United Japanese Society Wishes New Octogenarians A Special 80th Birthday

United Japanese Society Wishes New Octogenarians A Special 80th Birthday

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The United Japanese Society of Hawaii held a grand birthday party for 31 O‘ahu Nikkei who are turning 80 years old this year. The birthday party — UJSH’s 41st annual Nenchosha Ian Engei Taikai (Senior Citizens Festival) — was held Sept. 27 at the Japanese Cultural Center of Hawai‘i’s Mänoa Grand Ballroom. The honorees were treated to lunch and a day of Japanese and Okinawan music and dance.

The morning began with the observance of a moment of silence for the deceased.

Hanayagi Miyoshizu (Marion Kanemori) then performed the celebratory dance “Sambaso,” followed by the performance of an Okinawan dance

Honorees Bando Mitsumasa, II (Joyce Araki) dances a comical dance while Atsuko Nonaka (right) of the Harada NaoAtsusa Kai sings the tune.

Honorees Bando Mitsumasa, II (Joyce Araki) dances a comical dance while Atsuko Nonaka (right) of the Harada NaoAtsusa Kai sings the tune.

performed at the opening of auspicious events, “Kajadefu Bushi,” by Mitsuko Toguchi Nakasone, kaishu of the Ryusei Honryu Ryuko Kai.

UJSH president Cyrus Tamashiro welcomed everyone to the event, which is organized annually by the UJSH in conjunction with “Respect for the Aged Day,” a national holiday in Japan. Each year, UJSH asks the various O‘ahu kenjinkai, senior citizen clubs and community centers to submit the names of members who are turning 80 that year so that they can be recognized at the Nenchosha Festival.

Each new octogenarian was introduced during the program and presented a certificate. They also had their picture taken with UJSH president Cyrus Tamashiro and 2015-16 Cherry Blossom Queen Kimberly Takata.

Congratulatory messages were delivered by Gary Nakata, director of the city’s Department of Community Services, representing Honolulu Mayor Kirk Caldwell, and Consul General of Japan Yasushi Misawa. It was Misawa’s first Nenchosha Ian Engei Taikai since being appointed consul general in Hawai‘i this past summer. He thanked Tamashiro and the UJSH for holding the event, which he said instills values in the hearts and minds of the younger generation. Misawa said he is presently 53 years old and hopes that in 27 years, when he is 80 years old, he can come back and join that group of honorees.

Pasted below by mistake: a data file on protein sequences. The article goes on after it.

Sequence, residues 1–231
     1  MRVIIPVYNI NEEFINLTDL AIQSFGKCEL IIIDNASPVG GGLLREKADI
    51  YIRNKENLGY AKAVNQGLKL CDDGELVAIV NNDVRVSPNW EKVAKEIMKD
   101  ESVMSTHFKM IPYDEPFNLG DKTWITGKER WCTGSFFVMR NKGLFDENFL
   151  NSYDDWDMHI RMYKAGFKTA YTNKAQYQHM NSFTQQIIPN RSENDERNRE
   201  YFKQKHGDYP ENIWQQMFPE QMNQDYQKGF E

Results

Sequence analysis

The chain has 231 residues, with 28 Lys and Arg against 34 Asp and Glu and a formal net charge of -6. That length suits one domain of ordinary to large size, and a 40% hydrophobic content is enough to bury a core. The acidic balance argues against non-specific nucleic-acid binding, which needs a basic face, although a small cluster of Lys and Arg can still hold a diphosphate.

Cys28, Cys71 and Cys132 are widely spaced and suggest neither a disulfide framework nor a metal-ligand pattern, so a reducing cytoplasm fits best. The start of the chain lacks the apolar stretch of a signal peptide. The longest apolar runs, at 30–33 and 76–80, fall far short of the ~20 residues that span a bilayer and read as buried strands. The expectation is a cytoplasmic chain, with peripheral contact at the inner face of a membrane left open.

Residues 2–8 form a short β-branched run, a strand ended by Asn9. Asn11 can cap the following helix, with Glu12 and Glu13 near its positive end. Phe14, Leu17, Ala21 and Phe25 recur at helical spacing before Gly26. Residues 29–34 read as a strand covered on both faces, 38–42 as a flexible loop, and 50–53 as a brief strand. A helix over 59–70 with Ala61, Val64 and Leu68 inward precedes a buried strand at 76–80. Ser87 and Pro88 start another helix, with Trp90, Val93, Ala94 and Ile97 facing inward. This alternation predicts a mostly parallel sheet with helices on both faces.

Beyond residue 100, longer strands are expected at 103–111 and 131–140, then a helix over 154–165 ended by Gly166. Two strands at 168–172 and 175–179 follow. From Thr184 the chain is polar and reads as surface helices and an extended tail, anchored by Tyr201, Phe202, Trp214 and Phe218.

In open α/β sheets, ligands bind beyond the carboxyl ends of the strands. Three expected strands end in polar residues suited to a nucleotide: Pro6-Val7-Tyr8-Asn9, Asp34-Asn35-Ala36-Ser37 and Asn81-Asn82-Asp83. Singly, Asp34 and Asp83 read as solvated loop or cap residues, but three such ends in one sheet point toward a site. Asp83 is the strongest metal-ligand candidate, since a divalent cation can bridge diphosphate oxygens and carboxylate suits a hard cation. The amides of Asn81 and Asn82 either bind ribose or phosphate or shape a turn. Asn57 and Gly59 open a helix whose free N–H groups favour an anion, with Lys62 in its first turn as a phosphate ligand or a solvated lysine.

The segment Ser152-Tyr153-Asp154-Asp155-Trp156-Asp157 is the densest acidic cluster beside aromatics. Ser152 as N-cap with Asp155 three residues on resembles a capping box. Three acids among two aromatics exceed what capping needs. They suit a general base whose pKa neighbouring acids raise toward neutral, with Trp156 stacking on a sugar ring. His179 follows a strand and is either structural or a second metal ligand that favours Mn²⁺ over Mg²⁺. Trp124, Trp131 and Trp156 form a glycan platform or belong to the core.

The 2015 honorees were: Grace Aoki, Joyce Araki (Bando Mitsumasa, II), Akiko Baba, Emiko Colburn, Mary Crane, Helen Ginoza, Eleanor Graff, Betsy Kaneshiro, Lois Kobashigawa, Nobuko Kurahara, Raymond Lyau, Donald T. Matsumoto, Chiyoko Mense, Franklin H. Minami, Rose Miyashiro, Mitsuko Nagato, Audrey C. Nakashima, Becky S. Nakasone, Flora Nakaone, Harry Nakasone, Linda Naumu, Hiroko Nishihara, Atsuko Nonaka, Aileen Okamoto, Barbara H. Sasahara, Myris Shinsato, Ruth R. Tamashiro, Loretta Tokuda, Dorothy Tokura, Grace Tsukayama and Nancy Yokoyama.

Honorees Barbara Sasahara and Atsuko Nonaka thanked the UJSH and the audience for the special recognition as they enter the eighth decade of life — Sasahara spoke in English and Nonaka in Japanese.

Roy Tominaga, a UJSH past president and himself an honoree last year, led a rousing banzai to the honorees.

The program closed with a lively Okinawan eisä performance by the Ryukyukoku Matsuri Daiko Hawaii. RMD also led the audience in a lively kachashi to close the event.

This year’s festival was co-chaired by Mabel Yonemori and Nancy Yokoyama, an honoree who was working even as she was being honored.

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